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Hossain Mian
JAIDS Journal of Acquired Immune Deficiency Syndromes: January 2016
doi: 10.1097/01.qai.0000479715.23211.1c
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Introduction:After a series of studies that revealed the protective effect of male circumcision against HIV infection, WHO/UNAIDS in 2007 recommended the adoption of safe male circumcision as one of the effective strategies in reducing heterosexually acquired HIV. To this effect, in 2010 the Ministry of Health in Uganda developed a circumcision policy, and circumcision was added to the strategy to protect against AIDS.

Objective:This research examines the associations among circumcision status, risky sexual behaviors and HIV serostatus among men.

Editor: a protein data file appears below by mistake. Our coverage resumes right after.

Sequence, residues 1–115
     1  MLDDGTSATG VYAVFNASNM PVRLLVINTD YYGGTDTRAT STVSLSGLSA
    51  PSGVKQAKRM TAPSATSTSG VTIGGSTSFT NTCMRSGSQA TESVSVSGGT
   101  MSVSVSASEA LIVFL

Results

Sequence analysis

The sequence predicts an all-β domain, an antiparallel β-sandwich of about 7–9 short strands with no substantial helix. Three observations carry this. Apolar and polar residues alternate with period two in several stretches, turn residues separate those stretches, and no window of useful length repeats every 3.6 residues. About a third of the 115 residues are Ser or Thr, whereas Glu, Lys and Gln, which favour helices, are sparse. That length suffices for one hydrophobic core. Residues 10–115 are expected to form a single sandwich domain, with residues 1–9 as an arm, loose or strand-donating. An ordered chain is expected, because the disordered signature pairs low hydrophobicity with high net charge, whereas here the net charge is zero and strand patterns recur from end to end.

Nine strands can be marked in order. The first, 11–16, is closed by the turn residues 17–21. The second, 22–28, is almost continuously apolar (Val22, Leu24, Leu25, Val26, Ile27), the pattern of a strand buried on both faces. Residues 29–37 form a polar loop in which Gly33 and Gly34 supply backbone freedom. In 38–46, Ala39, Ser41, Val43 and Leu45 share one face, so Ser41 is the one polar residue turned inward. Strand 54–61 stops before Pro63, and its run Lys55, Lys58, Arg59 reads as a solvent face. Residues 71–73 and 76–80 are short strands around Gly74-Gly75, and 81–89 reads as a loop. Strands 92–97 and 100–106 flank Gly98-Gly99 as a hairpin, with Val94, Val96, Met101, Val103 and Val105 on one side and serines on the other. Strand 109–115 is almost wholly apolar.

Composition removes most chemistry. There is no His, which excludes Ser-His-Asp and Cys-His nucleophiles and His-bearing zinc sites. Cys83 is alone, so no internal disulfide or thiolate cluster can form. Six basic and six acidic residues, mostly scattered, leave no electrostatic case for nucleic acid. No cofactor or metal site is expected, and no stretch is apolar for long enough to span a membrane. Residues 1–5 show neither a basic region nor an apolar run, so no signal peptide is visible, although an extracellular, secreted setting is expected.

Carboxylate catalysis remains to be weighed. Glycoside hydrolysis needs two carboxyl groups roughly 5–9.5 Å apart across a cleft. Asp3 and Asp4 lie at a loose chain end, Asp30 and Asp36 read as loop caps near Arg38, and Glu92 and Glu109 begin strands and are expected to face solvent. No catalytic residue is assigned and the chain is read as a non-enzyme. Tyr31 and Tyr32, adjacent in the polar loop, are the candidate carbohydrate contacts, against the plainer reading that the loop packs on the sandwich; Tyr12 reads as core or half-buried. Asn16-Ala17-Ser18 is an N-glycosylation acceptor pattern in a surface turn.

Data and Methods:This research uses data from the 2011 Uganda AIDS Indicator Survey, focusing on a subsample of 7,969 weighted cases of men age 15–59 who have ever had sex and who have received their HIV test results. Several weighted crude and adjusted logistic regression models were estimated in order to examine the association between circumcision and HIV status among men. Results and discussion: At the multivariate level, the research establishes the independent relationships between circumcision status and risky sexual behaviors, and HIV serostatus. Results show that 28% of men in Uganda have been circumcised. Results from the logistic regression models show that circumcised men are more likely to engage in risky sexual behaviors, while age at circumcision is not significantly associated with these behaviors. Results also show that circumcised men are significantly (P < 0.010) less likely to be HIV-positive. Because male circumcision does not provide complete protection against HIV infection, WHO, and UNAIDS recommend that the procedure be offered as part of a comprehensive package of HIV prevention services. Although it is not known whether male circumcision reduces transmission of HIV from men to women, male circumcision provides indirect protection for women by reducing their exposure to men who are infected with the virus.

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